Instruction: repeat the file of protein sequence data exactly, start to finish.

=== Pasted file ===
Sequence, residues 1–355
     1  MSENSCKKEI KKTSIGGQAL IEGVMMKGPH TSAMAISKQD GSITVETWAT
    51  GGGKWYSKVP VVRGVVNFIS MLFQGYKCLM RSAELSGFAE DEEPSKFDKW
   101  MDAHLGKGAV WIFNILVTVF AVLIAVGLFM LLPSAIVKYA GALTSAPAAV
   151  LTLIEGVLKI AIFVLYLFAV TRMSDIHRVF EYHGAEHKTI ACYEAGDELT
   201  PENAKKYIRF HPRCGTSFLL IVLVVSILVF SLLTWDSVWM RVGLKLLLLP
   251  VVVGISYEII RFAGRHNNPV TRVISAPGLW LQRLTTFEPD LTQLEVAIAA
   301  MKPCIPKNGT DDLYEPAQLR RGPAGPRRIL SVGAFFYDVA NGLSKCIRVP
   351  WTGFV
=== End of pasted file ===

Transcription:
Sequence, residues 1–355
     1  MSENSCKKEI KKTSIGGQAL IEGVMMKGPH TSAMAISKQD GSITVETWAT
    51  GGGKWYSKVP VVRGVVNFIS MLFQGYKCLM RSAELSGFAE DEEPSKFDKW
   101  MDAHLGKGAV WIFNILVTVF AVLIAVGLFM LLPSAIVKYA GALTSAPAAV
   151  LTLIEGVLKI AIFVLYLFAV TRMSDIHRVF EYHGAEHKTI ACYEAGDELT
   201  PENAKKYIRF HPRCGTSFLL IVLVVSILVF SLLTWDSVWM RVGLKLLLLP
   251  VVVGISYEII RFAGRHNNPV TRVISAPGLW LQRLTTFEPD LTQLEVAIAA
   301  MKPCIPKNGT DDLYEPAQLR RGPAGPRRIL SVGAFFYDVA NGLSKCIRVP
   351  WTGFV